just back from london

Jul 16th, 2008, 07:45 PM
  #21  
 
Join Date: Apr 2006
Posts: 167
On my trip to London 2 years ago (which I forgot to post, please forgive me), I stayed at the Thistle Marble Arch for 4 nights. Several modes of transportation were steps away. This hotel was about 2 blocks from the Marble Arch tube stop, around the corner from Hyde Park, and a half block from Oxford Street. The famous hop on, hop off busses were across the street from the tube stop, to.

After staying out in the country for a night with my best friend's boyfriend, he dropped me off at the Thistle Charring Cross hotel, which was right on top of the Charring Cross tube station. Amazingly, I couldn't hear a thing from the tube. This hotel was literally around the corner from Trafalgar Square, The National Portrait Museum, numerous nice pubs and restaurants and numerous bus lines were steps from the front door.

I live in Chicago, so I deal with public transportation almost everyday. Even with my large suitcase, rolling cosmetic case and backpack (yeah, I over packed), I managed to navigate the tubes quite nicely. It helped that I arrived on a bank holiday and the only other time I had to travel with all that mess was when I went to the train station to catch a train to Birmingham, to visit my cousins.

Coming from such a large city, I made sure to not be on the busses or tubes during rush hours. This was the best time to people watch and rest my feet.

After arriving at each hotel, I ventured out to survey the lay of the land. By doing that, I located coffee shops and delis where I could grab breakfast and sandwiches, snacks and water for my sightseeing; tube stops and bus lines; restaurants; and the local Selfridges.

Since I worked so hard to save for the trip, I deserved to sit down and enjoy nice dinners at the end of long days. So, every night was a treat for me! I even hunted down an Indian retaurants that was featured on one of London's dinning out TV programs. I had to take the tube and then walk a few blocks, but it was worth it.

Wherever I go, I always ask hotel personnel, whether it's a busboy, maid or concierge, where their favorite place to eat is. I've been lucky to dine at some amazing restaurants that way.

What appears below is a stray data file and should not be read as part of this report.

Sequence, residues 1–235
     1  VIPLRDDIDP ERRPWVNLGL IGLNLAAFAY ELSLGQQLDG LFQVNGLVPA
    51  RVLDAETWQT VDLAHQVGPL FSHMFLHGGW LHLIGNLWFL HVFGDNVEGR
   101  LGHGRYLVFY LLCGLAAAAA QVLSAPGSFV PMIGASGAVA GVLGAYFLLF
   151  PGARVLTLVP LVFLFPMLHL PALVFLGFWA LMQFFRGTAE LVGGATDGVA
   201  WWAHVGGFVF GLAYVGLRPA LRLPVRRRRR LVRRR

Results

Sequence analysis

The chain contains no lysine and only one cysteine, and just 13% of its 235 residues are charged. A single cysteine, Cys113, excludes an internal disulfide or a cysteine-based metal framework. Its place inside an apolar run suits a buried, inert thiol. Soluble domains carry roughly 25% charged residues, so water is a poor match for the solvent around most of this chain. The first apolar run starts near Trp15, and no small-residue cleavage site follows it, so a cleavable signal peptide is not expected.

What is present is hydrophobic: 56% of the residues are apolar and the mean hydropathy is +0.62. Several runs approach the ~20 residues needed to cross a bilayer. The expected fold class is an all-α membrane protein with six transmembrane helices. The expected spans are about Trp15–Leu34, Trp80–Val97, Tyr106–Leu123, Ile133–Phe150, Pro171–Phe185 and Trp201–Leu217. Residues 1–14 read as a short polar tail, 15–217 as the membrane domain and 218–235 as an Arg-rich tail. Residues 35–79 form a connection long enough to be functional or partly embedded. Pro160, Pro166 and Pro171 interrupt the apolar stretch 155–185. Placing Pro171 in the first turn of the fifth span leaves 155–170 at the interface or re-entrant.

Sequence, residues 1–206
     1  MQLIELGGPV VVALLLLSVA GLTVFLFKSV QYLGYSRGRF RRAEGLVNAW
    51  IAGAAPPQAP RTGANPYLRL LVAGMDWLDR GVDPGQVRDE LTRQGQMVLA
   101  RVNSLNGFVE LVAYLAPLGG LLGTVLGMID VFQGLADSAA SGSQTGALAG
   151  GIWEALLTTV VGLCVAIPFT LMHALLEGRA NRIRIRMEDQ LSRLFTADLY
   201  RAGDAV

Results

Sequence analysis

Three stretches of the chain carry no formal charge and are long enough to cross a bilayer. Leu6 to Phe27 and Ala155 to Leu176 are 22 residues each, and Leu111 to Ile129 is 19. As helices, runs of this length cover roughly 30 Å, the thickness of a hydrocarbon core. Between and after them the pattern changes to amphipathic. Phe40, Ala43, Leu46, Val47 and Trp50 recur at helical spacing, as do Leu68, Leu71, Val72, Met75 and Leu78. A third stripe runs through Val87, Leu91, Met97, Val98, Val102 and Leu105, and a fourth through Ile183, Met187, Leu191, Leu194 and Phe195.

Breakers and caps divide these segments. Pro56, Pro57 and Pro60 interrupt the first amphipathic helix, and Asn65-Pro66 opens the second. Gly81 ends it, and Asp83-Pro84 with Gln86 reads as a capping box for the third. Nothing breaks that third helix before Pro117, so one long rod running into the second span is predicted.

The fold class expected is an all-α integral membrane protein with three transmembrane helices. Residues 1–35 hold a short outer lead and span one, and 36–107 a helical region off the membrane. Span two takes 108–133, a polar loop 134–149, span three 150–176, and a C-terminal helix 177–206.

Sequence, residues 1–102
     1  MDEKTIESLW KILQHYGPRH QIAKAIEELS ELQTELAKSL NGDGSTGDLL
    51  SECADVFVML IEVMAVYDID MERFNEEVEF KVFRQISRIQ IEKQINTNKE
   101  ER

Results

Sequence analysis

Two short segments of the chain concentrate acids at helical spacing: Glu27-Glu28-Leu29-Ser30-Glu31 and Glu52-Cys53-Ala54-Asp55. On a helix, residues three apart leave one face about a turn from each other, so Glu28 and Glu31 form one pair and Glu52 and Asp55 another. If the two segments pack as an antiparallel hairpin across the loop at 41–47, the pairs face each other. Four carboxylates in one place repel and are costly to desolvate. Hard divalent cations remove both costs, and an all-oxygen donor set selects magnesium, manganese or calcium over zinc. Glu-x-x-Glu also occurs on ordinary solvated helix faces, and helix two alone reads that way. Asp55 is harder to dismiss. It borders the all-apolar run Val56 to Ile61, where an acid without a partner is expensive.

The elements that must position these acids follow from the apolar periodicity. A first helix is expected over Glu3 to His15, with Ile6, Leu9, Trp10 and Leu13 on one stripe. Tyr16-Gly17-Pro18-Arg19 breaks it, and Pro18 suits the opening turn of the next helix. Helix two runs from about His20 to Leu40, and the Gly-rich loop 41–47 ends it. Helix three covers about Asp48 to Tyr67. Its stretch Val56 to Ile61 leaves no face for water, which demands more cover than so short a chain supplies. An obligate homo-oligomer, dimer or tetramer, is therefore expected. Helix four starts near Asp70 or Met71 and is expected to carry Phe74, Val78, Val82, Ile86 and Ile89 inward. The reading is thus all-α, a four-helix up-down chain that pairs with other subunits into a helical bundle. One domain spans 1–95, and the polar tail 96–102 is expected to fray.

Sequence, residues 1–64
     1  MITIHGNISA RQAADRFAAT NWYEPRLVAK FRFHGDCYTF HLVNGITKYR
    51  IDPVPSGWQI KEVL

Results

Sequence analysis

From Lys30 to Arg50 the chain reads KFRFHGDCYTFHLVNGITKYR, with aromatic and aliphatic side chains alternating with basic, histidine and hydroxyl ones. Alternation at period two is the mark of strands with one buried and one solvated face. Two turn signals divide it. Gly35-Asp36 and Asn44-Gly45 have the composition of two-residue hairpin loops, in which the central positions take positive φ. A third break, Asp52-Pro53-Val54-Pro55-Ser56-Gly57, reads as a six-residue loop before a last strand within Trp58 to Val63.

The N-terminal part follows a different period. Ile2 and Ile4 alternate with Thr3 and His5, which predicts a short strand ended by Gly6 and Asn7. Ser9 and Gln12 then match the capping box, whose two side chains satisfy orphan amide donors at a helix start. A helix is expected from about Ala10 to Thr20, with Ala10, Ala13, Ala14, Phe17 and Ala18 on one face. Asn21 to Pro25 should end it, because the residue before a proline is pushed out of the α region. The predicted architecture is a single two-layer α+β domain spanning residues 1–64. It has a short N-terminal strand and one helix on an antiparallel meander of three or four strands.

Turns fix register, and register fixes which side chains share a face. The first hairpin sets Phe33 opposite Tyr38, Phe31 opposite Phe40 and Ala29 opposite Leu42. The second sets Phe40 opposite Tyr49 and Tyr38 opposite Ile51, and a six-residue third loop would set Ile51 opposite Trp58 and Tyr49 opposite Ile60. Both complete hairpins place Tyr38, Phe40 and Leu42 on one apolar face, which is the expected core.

Your trip is what you make of it, youngtom2910. Delete the annoying things that happened on your adventure and focus on the great time you had and people you met. Unless my luggage gets lost, nothing really bothers me when I travel. So, when a snafu occurs, I make the best of it.

The best strategy I've found when sightseeing in a new city is to start at the farthest point out and work your way back towards your base of operation. This way, you don't waste a lot of needless time driving, changing busses, backtracking, etc.

Without reading all of these posts and taking notes from all of you Fodorites, my trip to London wouldn't have been half as much fun. I've already got a growing pile of notes for for my next trip, Italy! Thanks all and keep up the good work....now if I could only get over my fear of flying.
Blacknight is offline  
Jul 17th, 2008, 01:23 AM
  #22  
 
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Youngtom, thanks for your report. Even though I live in London, some of your suggestions have made me think I should try them out, like the National Gallery. It's been a while since I've been.

Blacknight, I like your attitude!

London wasn't set up for the comfort and convenience of tourists. Throughout its history, it's been a place for people to make money and support those who help these people make their money. The economic conditions seen throughout the world in the past 15 years has meant that London has seen an influx of tourism that has altered the feel and the population density of this city. And let's not forget the new members of the European Union who flocked here as soon as they were given the green light.

I find it ironic that the very tourists who contribute to this situation then complain when they don't find things to their liking. I'm the last person to say "stay away" but logically speaking, that is exactly what you should be doing. Let's face it, most of us have enjoyed enhanced travelling opportunities in the past decade or so and London is very much a victim of that. We know that others places are as well.

Another thing I find ironic is that some posters have complained that the lines or stations have been closed, causing inconvenience, and others have said that the Tube needs upgrading. So which is it?

As for finding somewhere "central" to stay in London, no such place exists. You are always going to have to travel if you want to see all the sights.

Since the demise of the hop-on, hop-off Routemaster bus, this Londoner has really taken to a nice American shoe called the Fit Flop. It weighs nothing, fits in my Mulberry bag and if I need to start walking, due to traffic, delays, etc, then I just put them on and go. The great thing about being a human being is you can THINK your way around problems and adapt. And that's how London got to be the way it is today - which in turn makes people want to see it.

Peace
hnberlin is offline  
Jul 17th, 2008, 01:58 AM
  #23  
 
Join Date: Apr 2003
Posts: 408
I, too, am in Austin, TX, and love the ease and availability of public transport in our travel destinations! I haven't been to enough different destinations frequently enough to compare specific systems, but the mere fact that there is public transport is thrilling to someone who doesn't have it at home.